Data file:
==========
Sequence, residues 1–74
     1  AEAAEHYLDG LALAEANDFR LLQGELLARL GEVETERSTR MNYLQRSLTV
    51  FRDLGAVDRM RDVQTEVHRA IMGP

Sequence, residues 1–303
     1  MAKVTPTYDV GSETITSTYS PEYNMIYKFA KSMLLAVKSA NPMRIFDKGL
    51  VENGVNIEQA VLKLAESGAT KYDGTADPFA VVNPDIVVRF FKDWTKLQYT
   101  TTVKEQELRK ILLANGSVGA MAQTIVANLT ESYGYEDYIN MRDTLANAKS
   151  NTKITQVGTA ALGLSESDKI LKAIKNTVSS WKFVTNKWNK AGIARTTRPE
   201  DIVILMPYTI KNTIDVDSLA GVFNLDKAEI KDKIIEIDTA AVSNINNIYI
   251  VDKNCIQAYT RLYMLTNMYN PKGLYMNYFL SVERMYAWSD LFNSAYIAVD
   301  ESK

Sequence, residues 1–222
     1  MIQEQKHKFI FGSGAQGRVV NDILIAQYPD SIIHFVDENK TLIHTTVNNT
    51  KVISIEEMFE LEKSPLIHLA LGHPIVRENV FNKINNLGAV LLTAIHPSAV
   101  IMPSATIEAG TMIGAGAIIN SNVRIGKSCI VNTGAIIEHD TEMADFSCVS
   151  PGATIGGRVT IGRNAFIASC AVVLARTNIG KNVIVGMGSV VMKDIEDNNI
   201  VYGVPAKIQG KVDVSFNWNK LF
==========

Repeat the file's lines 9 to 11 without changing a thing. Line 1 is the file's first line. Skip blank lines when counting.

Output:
   201  DIVILMPYTI KNTIDVDSLA GVFNLDKAEI KDKIIEIDTA AVSNINNIYI
   251  VDKNCIQAYT RLYMLTNMYN PKGLYMNYFL SVERMYAWSD LFNSAYIAVD
   301  ESK